prejudice by the trial court's action because trial counsel had exhausted his allotted peremptory challenges when the opportunity to backstrike arose--i.e., when the jury panel was formed. Hence, we find no prejudicial error.

Motion to Suppress

As his fourth claim, Hunter asserts that the evidence from the stop and search of the vehicle should have been suppressed. A law enforcement officer may stop a vehicle and request identification from its occupants when the officer has founded or reasonable suspicion that the occupants of the vehicle have committed, are committing, or are about to commit a crime. Sec. 901.151(2), Fla.Stat. (1993); Sumlin v. State, 433 So.2d 1303, 1304 (Fla. 2d DCA 1983). 5 A "mere" or "bare" suspicion will not suffice. Sumlin, 433 So.2d at 1304.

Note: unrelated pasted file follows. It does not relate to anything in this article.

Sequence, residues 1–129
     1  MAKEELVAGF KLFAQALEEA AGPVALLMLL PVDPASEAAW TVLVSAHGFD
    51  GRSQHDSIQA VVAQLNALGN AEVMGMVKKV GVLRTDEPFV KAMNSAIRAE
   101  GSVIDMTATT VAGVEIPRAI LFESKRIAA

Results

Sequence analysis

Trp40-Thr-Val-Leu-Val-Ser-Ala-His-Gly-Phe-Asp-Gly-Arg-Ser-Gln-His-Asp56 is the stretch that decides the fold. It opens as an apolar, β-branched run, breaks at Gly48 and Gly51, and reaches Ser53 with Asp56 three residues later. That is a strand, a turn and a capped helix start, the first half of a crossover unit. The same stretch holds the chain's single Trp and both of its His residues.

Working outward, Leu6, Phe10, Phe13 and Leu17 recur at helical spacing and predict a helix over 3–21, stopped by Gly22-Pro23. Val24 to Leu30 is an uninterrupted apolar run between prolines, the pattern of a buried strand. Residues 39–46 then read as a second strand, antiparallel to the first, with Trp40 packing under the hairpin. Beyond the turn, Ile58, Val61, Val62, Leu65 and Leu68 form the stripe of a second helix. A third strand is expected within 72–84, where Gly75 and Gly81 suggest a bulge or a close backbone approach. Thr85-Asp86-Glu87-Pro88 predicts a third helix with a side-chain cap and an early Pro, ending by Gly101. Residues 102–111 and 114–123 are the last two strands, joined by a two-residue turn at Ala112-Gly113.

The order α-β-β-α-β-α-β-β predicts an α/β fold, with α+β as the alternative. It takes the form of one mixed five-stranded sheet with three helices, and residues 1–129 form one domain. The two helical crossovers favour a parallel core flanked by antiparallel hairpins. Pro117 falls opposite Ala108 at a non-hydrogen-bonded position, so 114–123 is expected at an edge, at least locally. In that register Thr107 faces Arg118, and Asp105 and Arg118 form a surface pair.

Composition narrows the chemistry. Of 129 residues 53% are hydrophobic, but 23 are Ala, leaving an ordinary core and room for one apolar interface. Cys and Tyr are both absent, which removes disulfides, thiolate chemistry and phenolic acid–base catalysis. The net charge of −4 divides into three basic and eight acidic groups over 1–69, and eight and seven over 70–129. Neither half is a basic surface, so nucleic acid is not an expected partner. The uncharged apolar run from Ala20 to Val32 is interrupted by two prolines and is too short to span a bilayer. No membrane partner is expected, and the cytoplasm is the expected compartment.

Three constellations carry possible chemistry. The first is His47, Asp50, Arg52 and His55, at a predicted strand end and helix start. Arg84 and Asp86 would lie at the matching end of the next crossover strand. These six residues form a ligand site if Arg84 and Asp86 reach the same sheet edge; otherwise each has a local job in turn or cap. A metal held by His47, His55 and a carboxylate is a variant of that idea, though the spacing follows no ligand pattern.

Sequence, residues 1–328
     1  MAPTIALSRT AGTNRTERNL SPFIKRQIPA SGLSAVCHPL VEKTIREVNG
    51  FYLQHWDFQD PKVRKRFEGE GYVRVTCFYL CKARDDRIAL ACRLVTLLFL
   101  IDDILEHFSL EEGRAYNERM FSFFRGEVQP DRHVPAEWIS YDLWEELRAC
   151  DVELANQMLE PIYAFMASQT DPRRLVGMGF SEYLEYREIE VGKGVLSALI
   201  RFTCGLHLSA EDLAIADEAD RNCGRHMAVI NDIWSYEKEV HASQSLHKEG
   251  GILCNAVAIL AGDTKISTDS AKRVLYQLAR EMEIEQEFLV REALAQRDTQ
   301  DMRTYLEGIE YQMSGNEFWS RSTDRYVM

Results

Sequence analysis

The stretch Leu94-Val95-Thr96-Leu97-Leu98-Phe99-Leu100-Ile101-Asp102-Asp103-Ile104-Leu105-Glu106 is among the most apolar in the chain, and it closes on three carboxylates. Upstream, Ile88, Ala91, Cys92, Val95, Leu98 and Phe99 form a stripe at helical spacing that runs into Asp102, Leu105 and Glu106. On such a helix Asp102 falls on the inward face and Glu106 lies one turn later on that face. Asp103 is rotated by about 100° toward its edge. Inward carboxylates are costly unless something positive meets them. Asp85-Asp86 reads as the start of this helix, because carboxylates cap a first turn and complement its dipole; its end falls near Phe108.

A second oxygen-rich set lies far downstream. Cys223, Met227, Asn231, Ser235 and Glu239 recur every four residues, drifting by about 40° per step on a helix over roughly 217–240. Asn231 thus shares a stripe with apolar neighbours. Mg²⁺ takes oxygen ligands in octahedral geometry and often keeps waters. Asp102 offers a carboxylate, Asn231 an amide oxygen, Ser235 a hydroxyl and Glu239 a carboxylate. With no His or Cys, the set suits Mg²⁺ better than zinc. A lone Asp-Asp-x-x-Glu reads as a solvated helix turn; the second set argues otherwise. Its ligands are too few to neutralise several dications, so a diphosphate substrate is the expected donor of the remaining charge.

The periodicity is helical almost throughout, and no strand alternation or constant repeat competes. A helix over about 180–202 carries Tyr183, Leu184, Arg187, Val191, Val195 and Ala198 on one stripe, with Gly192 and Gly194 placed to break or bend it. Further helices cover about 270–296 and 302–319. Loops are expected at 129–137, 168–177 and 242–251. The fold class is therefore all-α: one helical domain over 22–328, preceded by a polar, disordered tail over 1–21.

A "founded suspicion" is a suspicion which has some factual foundation in the...